We are a charity that is just starting out. We have qualified as a GuideStar Gold Participant. We are looking for some businesses to assist us in helping disabled veterans and their families live more fulfilling lives. To start with, we could use some help from architects and real estate developers. Of course, we welcome assistance from any person or organization that wants to better the lives of those who protect our way of life.
The founders of our organization have a great understanding of what it means to serve and the sacrifice that it requires. They first met working together in a military operations center almost 10 years ago.
One founder, grew up in a home with a mother that is paralyzed from the waist down, and knows the difficulties that she has with things that other people don't even think about. He had an uncle who joined the Marine Corps after graduating from high school, to serve in Vietnam. After his service was over, he spent most of his free time at bars drinking. Eventually, he died of liver disease. This isn't exactly suicide, but his death was the result of a change in his behavior after his experience in the military. A close family friend joined the Marines at the same time. After his first tour of duty in Vietnam, he was unable to adjust to life back at home. He committed a crime, knowing that he would have the option of serving in Vietnam again, instead of going to jail. Had they had proper support after their service, both might have had much happier lives as veterans. His father also joined the Marines during the Vietnam War and after getting his college degree, became an officer in the Navy as a civil engineer. Both of his grandfathers served in WWII. One suffered from night terrors and couldn't sleep in the same bed as his wife, because he might attempt to fight with and strangle her in his unpeaceful sleep. His family has been serving in the American Armed Forces since the Revolutionary War, including at the Battle of Trenton and another that died while serving the American cause in 1777.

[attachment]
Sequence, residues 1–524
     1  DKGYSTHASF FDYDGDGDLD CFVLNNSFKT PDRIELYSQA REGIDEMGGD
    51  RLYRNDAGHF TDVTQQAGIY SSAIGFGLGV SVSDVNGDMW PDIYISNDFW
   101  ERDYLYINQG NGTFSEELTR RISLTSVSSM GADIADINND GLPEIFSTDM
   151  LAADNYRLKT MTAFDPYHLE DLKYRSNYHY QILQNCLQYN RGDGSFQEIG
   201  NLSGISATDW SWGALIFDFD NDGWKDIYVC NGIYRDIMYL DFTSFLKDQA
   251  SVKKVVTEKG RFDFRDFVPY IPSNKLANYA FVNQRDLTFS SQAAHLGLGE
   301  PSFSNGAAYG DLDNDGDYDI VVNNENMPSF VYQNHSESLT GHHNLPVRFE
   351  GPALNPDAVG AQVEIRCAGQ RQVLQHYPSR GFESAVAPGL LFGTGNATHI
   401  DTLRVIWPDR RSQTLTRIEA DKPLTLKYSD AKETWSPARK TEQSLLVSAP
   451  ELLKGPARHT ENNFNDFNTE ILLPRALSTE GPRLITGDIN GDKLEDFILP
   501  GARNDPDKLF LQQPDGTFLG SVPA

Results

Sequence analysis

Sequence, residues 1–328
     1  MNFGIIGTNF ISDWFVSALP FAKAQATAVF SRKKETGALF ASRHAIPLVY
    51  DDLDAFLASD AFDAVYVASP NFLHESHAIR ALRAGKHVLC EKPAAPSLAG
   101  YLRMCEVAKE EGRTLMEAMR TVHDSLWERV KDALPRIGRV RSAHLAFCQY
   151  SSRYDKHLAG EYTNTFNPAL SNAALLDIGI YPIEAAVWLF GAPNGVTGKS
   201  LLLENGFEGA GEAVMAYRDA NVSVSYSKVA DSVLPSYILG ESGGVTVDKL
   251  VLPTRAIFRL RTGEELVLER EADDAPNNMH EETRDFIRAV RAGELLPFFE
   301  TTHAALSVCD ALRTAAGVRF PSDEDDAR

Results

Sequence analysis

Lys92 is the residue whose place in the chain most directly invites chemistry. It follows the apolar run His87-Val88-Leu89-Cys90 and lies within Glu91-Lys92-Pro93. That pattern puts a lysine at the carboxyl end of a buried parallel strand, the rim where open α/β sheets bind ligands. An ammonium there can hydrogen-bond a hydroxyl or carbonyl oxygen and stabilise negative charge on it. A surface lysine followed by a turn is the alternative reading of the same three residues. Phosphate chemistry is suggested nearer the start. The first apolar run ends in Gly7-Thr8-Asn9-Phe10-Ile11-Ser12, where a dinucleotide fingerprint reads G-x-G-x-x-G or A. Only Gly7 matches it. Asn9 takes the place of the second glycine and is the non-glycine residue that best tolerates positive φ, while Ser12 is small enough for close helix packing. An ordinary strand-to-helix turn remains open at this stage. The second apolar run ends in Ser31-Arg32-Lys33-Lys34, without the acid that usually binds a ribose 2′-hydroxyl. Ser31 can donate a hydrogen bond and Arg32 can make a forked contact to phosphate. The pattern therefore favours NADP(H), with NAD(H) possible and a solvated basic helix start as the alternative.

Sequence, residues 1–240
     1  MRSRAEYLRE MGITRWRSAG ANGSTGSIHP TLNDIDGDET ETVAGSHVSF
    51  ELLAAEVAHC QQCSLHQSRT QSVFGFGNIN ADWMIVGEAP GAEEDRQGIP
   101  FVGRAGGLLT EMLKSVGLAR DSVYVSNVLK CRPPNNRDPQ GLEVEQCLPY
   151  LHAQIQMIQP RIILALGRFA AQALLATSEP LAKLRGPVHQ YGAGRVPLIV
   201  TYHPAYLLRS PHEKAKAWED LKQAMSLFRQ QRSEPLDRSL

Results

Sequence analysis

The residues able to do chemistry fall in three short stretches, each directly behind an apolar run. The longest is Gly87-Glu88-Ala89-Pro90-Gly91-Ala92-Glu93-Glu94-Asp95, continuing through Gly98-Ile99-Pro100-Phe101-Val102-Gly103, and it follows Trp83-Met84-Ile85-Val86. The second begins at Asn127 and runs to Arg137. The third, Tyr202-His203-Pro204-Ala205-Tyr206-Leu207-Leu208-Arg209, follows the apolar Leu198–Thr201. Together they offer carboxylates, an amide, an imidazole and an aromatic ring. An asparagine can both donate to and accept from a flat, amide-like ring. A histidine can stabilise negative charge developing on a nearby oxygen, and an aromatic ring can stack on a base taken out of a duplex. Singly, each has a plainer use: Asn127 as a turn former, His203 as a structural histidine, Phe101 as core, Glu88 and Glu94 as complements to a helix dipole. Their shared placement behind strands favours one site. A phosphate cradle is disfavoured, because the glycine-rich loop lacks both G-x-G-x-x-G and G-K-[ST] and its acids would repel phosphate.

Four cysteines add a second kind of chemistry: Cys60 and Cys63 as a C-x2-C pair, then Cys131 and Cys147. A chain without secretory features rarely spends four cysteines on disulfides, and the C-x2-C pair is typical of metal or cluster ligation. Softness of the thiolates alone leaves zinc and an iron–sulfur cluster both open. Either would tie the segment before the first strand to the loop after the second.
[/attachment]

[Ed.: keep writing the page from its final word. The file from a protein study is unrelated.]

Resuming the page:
Check back soon to hear our other founders story.
While many people think about and focus on the physical damage of war, the psychological injuries are often much further reaching. It doesn't matter what term you use, from shell shock to PTSD, soldiers can suffer greatly from mental scars. Some studies have shown the percentage of soldiers that served in Iraq or Afghanistan suffering from Post Traumatic Stress Disorder is around 31% a year after deployment. That would put the total number of service members and veterans who suffer from PTSD at more than 800,000 nation wide. Add to this, the fact that more than 260,000 veterans have been diagnosed with a traumatic brain injury and we see how prevalent the need for help is.
Additionally, for every soldier killed in Operation Iraqi Freedom and Operation Enduring Freedom, 7 soldiers have been injured. This has resulted in a huge increase in the stress put on the VA health system. In earlier wars, such as WWI and WWII, the ratio was 1.7 injured soldiers for every 1 killed. During the Vietnam War, there was one death for every 3.2 soldiers severely injured. Much of this is due to better body armor and triage care on the battlefield. The speed at which casualties can be transported to a Combat Support Hospital has also greatly improved. This has resulted in more than 48,000 severely injured service members since the start of these military campaigns.
According to a 2016 HUD report, there are over 39,000 homeless veterans across America. Most of these homeless have a disability (physical or mental), abuse drugs or are alcoholics, or had a family breakdown.
What we will do
Our goal is to build communities to house veterans suffering from both mental and physical injuries near to VA medical centers across the nation. These communities would give the residents the comradery and support of living within an environment where there is an understanding of past experiences and current conditions. All amenities that are part of each community will be fully accessible, following the concept of universal design.
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